Tuesday, June 19, 2012

The Gold Solution + Deadline

Alexander and Norma Gold are asked to help prove their friend Pearl's niece's fiance innocent after he was found bent over his employer's dying body with the bloody knife in his hands. The victim is Roger Talbott, one of America's most famous Architects, and the crime scene is his studio floor atop his brownstone mansion, which was as securely guarded as a fortress by various devices. With the date of the trial getting closer, Alexander is forced to solve this puzzle quickly, which isn't exactly the most appropriate activity while recovering from a heart attack...
Alexander and Norma are invited by billionaire Max Baron to join him and his family during a performance of the Boguslav Ballet. Baron suspects someone "reading his mind", or simply put the leakage of information, and the request for Alexander to solve that issue is the original purpose for the invitation, However Alec and Norma are soon hired for something entirely different, when Viktor Boguslav is stabbed in the theatre box adjoining the Barons and the Golds, only parted by a curtain and with Baron's son Jeffrey as Boguslav's assistant sleeping right behind his employer in the cloakroom in front of a locked door! The Golds have a mere deadline of less than three days to prove someone else than Jeffrey could do it.

If you want to know something about Herbert Resnicow in general first, I refer to TomCat's efforts at spreading the enthusiasm for anglophone Neo-GAD writers. I will just sum up my thoughts on the two first books in the Gold Series that I read consecutively right way, which should already be a good thing.

And mostly it is. I do have to say though, that The Gold Solution sadly is an overall flawed effort in comparison to Deadline. But let's focus on the good aspects that can be found in both books first. What Resnicow was already good at in his first novel are the characters and the dialogue. It's all just really readable, quite witty and makes for a page-turner right away. Resnicow's depiction of the world behind the architecture industry is made interesting even to any reader with no connection to that field and more importantly, while many authors tend to leave the victim at the status of simply being a piece in the puzzle, we get his whole background and actually almost get to know him better than the rest of the living persons, even though we never read a spoken word by him. I found that to be a rather refreshing technique in the form of gathered research by Pearl and Norma, the latter being an ex-librarian and the narrator of the Gold novels, and a very entertaining one at that.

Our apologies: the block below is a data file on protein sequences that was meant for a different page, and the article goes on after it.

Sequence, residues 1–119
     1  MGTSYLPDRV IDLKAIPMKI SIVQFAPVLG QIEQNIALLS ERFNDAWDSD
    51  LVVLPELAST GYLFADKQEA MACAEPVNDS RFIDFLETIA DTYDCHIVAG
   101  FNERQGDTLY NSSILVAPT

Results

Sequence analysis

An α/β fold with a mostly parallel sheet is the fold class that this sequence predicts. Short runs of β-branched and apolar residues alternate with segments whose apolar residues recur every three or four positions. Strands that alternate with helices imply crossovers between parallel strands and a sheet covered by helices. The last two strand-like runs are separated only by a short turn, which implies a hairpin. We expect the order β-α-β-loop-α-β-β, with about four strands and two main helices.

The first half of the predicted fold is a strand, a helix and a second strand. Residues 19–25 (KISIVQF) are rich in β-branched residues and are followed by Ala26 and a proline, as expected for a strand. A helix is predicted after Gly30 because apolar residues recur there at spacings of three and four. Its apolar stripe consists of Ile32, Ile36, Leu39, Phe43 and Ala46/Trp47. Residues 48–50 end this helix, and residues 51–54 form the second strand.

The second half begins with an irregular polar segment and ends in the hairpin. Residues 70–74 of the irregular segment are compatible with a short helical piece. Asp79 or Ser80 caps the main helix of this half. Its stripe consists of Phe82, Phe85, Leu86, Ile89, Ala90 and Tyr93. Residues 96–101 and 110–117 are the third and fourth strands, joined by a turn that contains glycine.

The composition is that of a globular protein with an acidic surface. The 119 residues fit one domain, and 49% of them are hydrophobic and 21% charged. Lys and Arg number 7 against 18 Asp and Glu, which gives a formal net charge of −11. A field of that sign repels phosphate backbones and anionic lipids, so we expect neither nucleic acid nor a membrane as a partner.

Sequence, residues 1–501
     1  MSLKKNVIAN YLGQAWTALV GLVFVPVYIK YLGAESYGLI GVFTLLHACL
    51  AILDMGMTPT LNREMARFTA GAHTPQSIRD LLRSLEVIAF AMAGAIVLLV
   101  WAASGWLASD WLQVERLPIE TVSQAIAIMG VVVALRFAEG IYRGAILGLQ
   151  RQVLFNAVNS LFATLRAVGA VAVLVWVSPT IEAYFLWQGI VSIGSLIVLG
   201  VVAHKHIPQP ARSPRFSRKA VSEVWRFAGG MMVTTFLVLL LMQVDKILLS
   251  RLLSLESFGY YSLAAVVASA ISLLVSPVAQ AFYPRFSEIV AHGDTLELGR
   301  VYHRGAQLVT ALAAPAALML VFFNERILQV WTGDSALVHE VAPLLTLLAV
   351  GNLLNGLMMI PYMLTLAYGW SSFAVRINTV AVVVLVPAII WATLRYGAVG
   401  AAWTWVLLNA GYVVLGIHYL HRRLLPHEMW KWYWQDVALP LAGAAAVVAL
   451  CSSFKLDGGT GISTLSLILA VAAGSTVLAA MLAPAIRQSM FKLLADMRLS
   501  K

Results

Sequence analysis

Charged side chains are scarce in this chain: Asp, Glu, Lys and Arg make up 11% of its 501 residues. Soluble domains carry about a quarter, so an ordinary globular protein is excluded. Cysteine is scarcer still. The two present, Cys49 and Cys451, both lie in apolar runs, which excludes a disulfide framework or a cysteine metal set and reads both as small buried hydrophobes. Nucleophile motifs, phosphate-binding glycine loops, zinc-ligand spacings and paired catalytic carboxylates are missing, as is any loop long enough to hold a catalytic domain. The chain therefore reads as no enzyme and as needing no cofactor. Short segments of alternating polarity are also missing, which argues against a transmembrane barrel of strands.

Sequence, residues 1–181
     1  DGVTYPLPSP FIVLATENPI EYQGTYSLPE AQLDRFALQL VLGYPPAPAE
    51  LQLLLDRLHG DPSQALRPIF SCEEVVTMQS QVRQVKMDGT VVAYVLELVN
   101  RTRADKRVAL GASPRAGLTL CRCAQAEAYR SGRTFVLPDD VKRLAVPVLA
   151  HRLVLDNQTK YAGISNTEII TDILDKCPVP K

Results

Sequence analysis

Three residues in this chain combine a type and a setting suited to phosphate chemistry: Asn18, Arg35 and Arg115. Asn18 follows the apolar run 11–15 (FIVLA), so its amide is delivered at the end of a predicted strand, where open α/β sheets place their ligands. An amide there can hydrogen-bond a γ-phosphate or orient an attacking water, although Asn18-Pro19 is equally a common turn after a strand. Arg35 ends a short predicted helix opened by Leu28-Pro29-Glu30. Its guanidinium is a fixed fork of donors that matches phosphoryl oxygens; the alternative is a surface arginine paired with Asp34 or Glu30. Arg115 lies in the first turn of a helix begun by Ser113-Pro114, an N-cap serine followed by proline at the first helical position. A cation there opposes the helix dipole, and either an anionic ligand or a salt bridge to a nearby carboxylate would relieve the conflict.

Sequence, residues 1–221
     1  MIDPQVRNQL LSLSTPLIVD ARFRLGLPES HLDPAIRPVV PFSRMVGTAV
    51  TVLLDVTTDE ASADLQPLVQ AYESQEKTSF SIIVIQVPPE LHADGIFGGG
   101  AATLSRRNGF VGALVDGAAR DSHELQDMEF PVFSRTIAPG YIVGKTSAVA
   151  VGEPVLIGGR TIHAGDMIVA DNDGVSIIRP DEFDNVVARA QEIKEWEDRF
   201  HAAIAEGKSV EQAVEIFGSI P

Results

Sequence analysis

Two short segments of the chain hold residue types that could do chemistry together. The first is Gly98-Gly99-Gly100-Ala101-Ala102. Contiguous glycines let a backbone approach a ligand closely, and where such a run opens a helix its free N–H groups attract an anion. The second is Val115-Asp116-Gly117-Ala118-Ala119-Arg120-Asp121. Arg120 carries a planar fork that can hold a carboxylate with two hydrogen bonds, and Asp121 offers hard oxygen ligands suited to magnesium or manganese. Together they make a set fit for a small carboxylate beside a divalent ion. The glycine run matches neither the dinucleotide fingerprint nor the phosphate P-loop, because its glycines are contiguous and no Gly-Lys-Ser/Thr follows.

So we have an intriguing puzzle and interesting characters. What's the negative part? Well, the solution wasn't exactly golden (sorry I just had to say it!)... You except a lot more after that exciting setting of the murder and not a cheap way around the situation, which basically was how I felt about the explanation in the end. It's certainly a workable method, but totally uninspired and in fact boring, which is the last thing a solution to an impossible crime situation should be. I'd even prefer something improbable and fantastic since it's at least surprising and gets a reaction out of the reader. It's not like the novel isn't worth a read as the characters and dialogue are already somewhat satisfying, but this is supposed to resemble or emulate a classical detective novel after all. The only remotely remarkable aspect might be Talbott's dying message, which is interpreted in many ways and fits any of the suspects, but is ultimately explained in the most reasonable way, which was a tad more hidden from the reader but just as well hinted as the rest.